Advertisement
  1. News
  2. /
  3. Health

Hundreds of New York City jailers face suspension over vaccine mandate

The city’s Department of Correction reported 77 percent of its staff had gotten at least one vaccine dose as of 5 p.m., the lowest of any city agency, meaning about 1,900 employees had yet to comply.
New York City Mayor Bill de Blasio.
New York City Mayor Bill de Blasio.
Published Dec. 1, 2021

NEW YORK — New York City’s troubled jail system is facing more turmoil: the suspension of potentially hundreds of corrections officers for failing to meet a Tuesday night deadline to get vaccinated against COVID-19.

The city’s Department of Correction reported 77% of its staff had gotten at least one vaccine dose as of 5 p.m. Monday, the lowest of any city agency, meaning about 1,900 employees had yet to comply with the mandate. It was delayed a month for jail workers because of existing staffing shortages.

Jail workers who’ve applied for religious or medical exemptions can continue to work while their cases are reviewed, officials said. Jail officials said they would release data Wednesday detailing how many workers sought for an exemption.

Workers who haven’t applied for an exemption and who failed to show proof of vaccination by 5 p.m. Tuesday were to be placed on unpaid leave and surrender any city-issued firearms and protective gear, officials said.

In anticipation of the looming mandate, Mayor Bill de Blasio on Monday issued an emergency executive order designed to beef up jail staffing by authorizing a switch to 12-hour shifts from the normal 8-hour tours.

The president of the union for jail guards balked at that move saying it was “reckless and misguided.” The union said it would sue to block the mandate — the same tactic a police union tried in late October as the vaccine requirement for officers neared. The police union lost and the mandate went into effect as scheduled.

Benny Boscio Jr., the president of the Correction Officers’ Benevolent Association, said staffing in the city’s jails is as bad or worse than it was in October, when de Blasio announced jail workers would have extra time to meet the vaccine mandate.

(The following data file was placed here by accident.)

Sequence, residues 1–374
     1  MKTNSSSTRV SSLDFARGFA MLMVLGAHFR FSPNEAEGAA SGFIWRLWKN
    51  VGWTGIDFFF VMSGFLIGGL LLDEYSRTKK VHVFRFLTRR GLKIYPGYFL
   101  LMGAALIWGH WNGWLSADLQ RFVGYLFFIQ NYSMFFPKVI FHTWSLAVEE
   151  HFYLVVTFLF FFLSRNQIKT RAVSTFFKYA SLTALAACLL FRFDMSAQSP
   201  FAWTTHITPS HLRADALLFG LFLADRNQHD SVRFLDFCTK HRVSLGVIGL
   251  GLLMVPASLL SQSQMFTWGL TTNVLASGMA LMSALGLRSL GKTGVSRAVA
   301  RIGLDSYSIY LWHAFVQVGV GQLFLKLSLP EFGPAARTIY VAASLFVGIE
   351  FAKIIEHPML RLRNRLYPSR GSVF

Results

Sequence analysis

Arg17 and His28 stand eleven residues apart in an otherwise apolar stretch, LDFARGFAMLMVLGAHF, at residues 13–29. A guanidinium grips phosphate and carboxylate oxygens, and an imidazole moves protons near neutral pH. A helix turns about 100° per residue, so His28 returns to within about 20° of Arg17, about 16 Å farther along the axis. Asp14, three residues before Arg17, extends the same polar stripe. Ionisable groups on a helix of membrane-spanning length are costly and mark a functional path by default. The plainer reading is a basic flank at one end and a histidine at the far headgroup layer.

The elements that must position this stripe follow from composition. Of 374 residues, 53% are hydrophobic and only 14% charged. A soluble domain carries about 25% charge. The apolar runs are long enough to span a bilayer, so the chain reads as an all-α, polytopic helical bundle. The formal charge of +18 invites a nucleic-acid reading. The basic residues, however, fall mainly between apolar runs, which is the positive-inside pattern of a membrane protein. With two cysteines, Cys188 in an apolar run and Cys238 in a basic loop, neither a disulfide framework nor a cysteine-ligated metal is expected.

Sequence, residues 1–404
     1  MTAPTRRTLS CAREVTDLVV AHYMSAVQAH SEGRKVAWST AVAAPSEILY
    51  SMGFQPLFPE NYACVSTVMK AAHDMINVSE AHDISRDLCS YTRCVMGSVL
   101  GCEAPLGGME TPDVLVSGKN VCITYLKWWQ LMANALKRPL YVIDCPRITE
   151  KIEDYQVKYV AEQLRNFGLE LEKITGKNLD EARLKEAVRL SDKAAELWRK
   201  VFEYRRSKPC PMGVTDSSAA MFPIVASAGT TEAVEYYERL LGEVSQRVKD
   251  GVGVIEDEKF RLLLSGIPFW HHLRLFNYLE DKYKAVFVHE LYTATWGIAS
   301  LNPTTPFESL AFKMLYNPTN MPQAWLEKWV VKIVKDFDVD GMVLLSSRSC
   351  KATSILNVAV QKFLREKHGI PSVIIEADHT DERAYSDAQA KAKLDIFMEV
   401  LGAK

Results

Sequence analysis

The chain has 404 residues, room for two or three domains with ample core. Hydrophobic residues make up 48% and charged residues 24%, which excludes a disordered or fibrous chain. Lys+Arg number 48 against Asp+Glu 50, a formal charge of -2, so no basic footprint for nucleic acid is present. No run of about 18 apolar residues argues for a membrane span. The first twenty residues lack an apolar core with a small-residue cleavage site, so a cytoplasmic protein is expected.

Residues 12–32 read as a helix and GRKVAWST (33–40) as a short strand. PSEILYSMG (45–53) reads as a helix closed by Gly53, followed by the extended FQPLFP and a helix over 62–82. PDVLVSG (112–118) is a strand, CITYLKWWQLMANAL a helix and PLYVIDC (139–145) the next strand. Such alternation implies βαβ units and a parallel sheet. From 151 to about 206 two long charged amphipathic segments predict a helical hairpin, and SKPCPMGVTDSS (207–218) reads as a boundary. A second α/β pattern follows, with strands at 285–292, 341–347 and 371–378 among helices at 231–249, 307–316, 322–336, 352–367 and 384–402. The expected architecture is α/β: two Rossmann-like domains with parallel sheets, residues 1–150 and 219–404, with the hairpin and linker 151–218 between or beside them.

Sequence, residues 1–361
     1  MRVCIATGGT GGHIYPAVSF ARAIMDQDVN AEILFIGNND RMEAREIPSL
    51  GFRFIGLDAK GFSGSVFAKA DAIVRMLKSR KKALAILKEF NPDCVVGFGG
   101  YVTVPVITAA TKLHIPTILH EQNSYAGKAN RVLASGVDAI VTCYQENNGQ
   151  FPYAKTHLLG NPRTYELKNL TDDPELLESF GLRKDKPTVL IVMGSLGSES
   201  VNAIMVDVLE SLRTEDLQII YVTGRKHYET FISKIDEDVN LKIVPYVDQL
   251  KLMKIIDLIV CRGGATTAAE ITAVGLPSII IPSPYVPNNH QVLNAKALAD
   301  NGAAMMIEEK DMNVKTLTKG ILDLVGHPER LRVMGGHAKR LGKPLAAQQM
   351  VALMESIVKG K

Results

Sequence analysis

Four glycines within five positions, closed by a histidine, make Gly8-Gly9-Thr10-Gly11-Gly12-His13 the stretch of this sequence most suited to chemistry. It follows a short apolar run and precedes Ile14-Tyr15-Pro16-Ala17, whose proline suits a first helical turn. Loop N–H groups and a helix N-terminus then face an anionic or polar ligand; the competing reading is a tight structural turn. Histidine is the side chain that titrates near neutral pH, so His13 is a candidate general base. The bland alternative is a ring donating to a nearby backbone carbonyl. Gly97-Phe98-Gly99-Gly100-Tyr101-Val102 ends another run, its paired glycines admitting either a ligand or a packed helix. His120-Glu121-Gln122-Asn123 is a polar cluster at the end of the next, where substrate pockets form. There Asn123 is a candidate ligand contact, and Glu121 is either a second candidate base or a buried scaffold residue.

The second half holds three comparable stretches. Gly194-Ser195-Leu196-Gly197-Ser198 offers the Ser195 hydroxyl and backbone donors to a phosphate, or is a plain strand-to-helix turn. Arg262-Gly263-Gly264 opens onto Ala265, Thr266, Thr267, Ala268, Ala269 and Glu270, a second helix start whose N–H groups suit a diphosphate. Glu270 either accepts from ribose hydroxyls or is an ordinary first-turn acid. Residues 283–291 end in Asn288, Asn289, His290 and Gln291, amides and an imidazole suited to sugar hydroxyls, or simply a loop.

Fewer than 100 of a promised 600 guards have been hired, Boscio said, and none of them have started working in the jails. Resignations and retirements have piled up, and guards are continuing to work round-the-clock shifts, with no time for meals or rest, Boscio said.

Suspending jail workers over the vaccine mandate could be deadly, the union chief warned.

“To move forward with placing what little staff we do have on leave tomorrow would be like pouring gasoline on a fire, which will have a catastrophic impact on the safety of our officers and the thousands of inmates in our custody,” Boscio said Tuesday.

The looming suspensions threaten to add to the problems at the city’s jails, which includes the notorious Rikers Island complex. The jails, rotted by years of neglect, have spiraled out of control during the pandemic with staggering violence, self-harm and the deaths this year of at least 14 inmates — the most since 2013.

The troubles have led to growing calls to overhaul or immediately close Rikers Island, which the city has said will be shuttered by 2027. The city on Tuesday announced it had awarded contracts for work on new jails in Manhattan, Queens, Brooklyn and the Bronx.

Keep up with Tampa Bay’s top headlines

Keep up with Tampa Bay’s top headlines

Subscribe to our free DayStarter newsletter

We’ll deliver the latest news and information you need to know every weekday morning.

You’re all signed up!

Want more of our free, weekly newsletters in your inbox? Let’s get started.

Explore all your options